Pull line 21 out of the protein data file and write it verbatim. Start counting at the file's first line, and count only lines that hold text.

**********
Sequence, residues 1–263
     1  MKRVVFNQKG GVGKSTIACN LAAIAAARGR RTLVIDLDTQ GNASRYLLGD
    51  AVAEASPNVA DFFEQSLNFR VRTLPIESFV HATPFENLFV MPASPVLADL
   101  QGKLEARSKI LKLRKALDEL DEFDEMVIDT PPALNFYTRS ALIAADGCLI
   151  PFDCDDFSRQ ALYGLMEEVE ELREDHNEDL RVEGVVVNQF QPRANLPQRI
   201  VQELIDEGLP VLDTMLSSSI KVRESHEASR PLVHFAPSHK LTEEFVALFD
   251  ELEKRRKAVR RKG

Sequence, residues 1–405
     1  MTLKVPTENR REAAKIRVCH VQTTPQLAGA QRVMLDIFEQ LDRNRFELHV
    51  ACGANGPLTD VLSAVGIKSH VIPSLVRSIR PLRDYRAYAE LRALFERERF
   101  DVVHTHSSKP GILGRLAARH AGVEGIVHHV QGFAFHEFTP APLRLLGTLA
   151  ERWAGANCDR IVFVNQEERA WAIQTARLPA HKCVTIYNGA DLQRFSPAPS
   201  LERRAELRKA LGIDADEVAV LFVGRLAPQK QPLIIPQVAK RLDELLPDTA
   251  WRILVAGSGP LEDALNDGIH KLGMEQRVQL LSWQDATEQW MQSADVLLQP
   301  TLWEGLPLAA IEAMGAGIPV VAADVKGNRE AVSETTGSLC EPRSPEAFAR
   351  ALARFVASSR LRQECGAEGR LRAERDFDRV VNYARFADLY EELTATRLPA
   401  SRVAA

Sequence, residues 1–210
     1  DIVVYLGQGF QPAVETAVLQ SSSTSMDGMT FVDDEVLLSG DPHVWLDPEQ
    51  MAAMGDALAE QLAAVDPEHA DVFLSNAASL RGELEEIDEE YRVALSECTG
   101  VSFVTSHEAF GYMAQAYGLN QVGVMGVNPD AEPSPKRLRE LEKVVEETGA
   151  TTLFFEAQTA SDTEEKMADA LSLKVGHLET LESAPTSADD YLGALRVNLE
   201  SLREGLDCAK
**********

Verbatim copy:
   101  VSFVTSHEAF GYMAQAYGLN QVGVMGVNPD AEPSPKRLRE LEKVVEETGA